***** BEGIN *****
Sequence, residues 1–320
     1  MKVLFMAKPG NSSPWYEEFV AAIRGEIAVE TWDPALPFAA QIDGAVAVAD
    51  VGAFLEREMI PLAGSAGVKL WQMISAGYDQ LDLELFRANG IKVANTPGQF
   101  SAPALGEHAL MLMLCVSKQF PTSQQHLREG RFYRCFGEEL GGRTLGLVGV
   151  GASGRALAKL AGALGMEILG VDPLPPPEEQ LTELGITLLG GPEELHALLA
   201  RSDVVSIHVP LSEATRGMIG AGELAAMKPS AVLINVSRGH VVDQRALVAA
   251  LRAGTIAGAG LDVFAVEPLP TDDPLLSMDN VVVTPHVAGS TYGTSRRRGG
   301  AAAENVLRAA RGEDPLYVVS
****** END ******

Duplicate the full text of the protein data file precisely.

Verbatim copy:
Sequence, residues 1–320
     1  MKVLFMAKPG NSSPWYEEFV AAIRGEIAVE TWDPALPFAA QIDGAVAVAD
    51  VGAFLEREMI PLAGSAGVKL WQMISAGYDQ LDLELFRANG IKVANTPGQF
   101  SAPALGEHAL MLMLCVSKQF PTSQQHLREG RFYRCFGEEL GGRTLGLVGV
   151  GASGRALAKL AGALGMEILG VDPLPPPEEQ LTELGITLLG GPEELHALLA
   201  RSDVVSIHVP LSEATRGMIG AGELAAMKPS AVLINVSRGH VVDQRALVAA
   251  LRAGTIAGAG LDVFAVEPLP TDDPLLSMDN VVVTPHVAGS TYGTSRRRGG
   301  AAAENVLRAA RGEDPLYVVS